By Tony Farina
Gov. Andrew Cumo’s right-hand man used “ziti” as innocent slang for money, not as a covert code for ill-gotten gains, according to his defense attorney.
Now that’s worth some thought. Imagine, Joseph Percoco, the governor’s former top man who is on trial for receiving more than $300,000 in bribes from businessmen who wanted his help on deals with the state, was not really trying to cover up anything, just talking about money like anybody would, just substituting “ziti” for fun, I guess.
The “ziti” term for money that has emerged in the federal corruption trial of Percoco and three business executives involved in the alleged pay-to-play corruption scheme, is just one of the juiciest pieces of scandal that has become public in the case that is a major black eye for the governor even if he’s not a defendant.
For many, it is inconceivable that the aide who had the run of the governor’s office–even while he was not on staff and working on the campaign–could have cleared the path for the businessmen to get their deals with the state and Cuomo, who got some campaign “ziti” thrown in, without Cuomo knowing anything.
And there’s much more as another former top Cuomo aide, former lobbyist Todd Howe, told the jury this week how he arranged for “ziti replacement” for Percoco in 2014 while Percoco was working on Cuomo’s re-election campaign, all part of the deal to take care of Percoco in exchange for his help on getting development projects for the businessmen alleging paying the bribes.
Defense attorneys claim Howe is lying about the bribery scheme to help himself as he faces a potential 130-year jail term on his guilty plea to eight felonies in the case involving Percoco.
Where it will end, nobody knows for sure. And how much more will Cuomo’s name come up in this trial as the government presses its case against the man who insiders say was the governor’s enforcer? That, of course, was before the government raided his home as the corruption case gathered steam, prompting a call from Percoco to the governor advising him that his house was being searched by investigators.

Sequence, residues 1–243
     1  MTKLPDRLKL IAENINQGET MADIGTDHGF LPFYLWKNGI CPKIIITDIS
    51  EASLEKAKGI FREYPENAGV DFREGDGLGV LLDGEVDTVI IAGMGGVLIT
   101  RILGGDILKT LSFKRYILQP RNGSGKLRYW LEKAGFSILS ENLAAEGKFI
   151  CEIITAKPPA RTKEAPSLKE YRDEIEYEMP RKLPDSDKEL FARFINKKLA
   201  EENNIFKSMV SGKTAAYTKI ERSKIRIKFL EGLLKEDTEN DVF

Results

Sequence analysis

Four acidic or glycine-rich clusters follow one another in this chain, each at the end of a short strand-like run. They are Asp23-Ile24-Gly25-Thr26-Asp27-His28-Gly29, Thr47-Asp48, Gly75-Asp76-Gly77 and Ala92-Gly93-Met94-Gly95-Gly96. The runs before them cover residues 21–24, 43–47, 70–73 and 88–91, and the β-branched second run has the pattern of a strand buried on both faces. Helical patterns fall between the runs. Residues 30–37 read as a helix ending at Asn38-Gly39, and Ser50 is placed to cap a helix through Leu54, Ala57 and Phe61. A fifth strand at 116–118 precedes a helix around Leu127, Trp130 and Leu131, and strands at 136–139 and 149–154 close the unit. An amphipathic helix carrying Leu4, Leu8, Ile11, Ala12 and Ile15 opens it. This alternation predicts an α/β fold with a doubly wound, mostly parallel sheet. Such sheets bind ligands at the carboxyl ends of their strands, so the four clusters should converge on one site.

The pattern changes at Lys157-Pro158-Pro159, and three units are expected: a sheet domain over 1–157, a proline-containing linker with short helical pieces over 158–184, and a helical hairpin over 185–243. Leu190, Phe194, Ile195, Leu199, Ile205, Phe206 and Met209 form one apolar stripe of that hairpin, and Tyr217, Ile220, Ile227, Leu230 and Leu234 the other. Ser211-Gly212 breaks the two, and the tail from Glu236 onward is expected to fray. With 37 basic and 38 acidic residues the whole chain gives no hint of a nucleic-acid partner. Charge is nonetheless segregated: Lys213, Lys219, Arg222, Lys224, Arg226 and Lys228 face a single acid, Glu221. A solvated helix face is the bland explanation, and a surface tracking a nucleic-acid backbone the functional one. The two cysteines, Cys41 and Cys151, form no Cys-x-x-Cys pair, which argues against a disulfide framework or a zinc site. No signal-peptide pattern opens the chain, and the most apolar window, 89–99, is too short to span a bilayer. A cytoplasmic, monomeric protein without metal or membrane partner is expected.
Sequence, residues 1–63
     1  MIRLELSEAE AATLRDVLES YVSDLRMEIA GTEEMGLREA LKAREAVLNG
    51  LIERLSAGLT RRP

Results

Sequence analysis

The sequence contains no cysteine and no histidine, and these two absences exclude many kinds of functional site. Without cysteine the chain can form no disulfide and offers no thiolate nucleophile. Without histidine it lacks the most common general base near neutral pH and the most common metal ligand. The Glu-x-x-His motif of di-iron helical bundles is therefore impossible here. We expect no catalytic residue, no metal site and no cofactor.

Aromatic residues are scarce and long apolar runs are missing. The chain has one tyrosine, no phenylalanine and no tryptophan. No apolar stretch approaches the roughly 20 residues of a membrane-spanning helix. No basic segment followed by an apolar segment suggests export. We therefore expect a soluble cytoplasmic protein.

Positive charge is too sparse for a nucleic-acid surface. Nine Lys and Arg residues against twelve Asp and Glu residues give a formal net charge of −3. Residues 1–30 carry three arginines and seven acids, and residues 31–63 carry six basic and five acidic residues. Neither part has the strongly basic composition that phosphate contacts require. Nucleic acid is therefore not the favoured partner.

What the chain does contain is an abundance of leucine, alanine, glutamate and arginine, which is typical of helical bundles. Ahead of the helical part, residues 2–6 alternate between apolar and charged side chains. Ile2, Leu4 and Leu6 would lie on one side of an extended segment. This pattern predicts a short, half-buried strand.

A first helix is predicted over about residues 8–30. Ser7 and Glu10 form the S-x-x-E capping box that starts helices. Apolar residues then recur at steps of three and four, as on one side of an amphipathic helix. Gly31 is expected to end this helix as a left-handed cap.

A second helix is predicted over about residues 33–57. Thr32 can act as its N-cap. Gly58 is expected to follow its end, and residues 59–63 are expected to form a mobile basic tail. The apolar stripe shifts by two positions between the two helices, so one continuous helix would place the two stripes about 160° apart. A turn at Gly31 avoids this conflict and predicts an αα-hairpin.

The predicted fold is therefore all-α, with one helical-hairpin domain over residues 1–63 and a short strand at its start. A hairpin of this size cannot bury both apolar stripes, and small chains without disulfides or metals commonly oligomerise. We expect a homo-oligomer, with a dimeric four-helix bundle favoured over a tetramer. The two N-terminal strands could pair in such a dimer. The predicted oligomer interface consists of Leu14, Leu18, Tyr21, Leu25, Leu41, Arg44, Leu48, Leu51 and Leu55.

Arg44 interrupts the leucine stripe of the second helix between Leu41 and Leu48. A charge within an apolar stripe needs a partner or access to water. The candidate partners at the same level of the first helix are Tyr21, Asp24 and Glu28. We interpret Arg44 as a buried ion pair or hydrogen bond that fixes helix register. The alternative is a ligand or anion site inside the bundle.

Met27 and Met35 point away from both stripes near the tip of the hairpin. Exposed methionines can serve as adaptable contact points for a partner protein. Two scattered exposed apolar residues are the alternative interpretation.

But wait, there is much more still to come after this trial. How about the upcoming Buffalo Billion fraud and bribery case which was split off from the Percoco trial but involves a similar pay-to-play scheme in the governor’s signature Buffalo development project at Riverbend. How much more damage will Cuomo suffer as that case unfolds even though, as in the Percoco trial, he is not a defendant.
For Cuomo, who boasts a $31 million campaign war chest, it is all playing out as though he knew nothing and had blinders on even while raking in the campaign cash. Now remember, we’re talking about two of his top aides and several projects, including the Buffalo Billion, that involved huge state payoffs to contractors fortunate enough to land the deals. One can only surmise that contractors who were fortunate to land the state projects were very grateful as the “ziti” payments to Percoco suggest, as alleged in his trial. And it was Percoco who was allegedly bribed because he could get to the governor.
Remember the Hamister Hotel deal in Niagara Falls, when Buffalo developer and Cuomo contributor Mark Hamister won the hotel bid over several other would-be developers after a closed-door meeting even when it became clear weeks and months later that he did not have the “ziti” to deliver on his promises and it took Cuomo and the state to finally bail him out and secure the financing after four long and divisive years.
And where is Cuomo now on the expiration of the gaming compact that has left the cities of Niagara Falls, Buffalo and Salamanca without slot revenue with a final resolution months and maybe years away. Was it the state, under Cuomo’s leadership, that missed the boat–like they did on the Maid of the Mist deal– on the gaming compact that was extended a few years ago but apparently without language that continued payments to the state after 2016? Now the cities, especially Niagara Falls, are scrapping to balance budgets without the casino cash that is nowhere in sight.
Through it all, Cuomo remains insulated, surrounded by loyal minions, even Percoco, who defend him when things turn sour. I’ll toss in his Western New York top development adviser Sam Hoyt who was forced to resign his plum patronage post in a sexual harassment scandal that his accuser claims was ignored by the state and Cuomo, prompting her to file a lawsuit.
Unless something comes out in the ongoing and upcoming trials, Cuomo will continue to cultivate the image of a choir boy no matter how bad things look from the outside. With $31 million in the bank, he can scare off a lot of people who think they can do a better job for New York no matter his legacy of broken promises, high taxes, and the taint of corruption all around.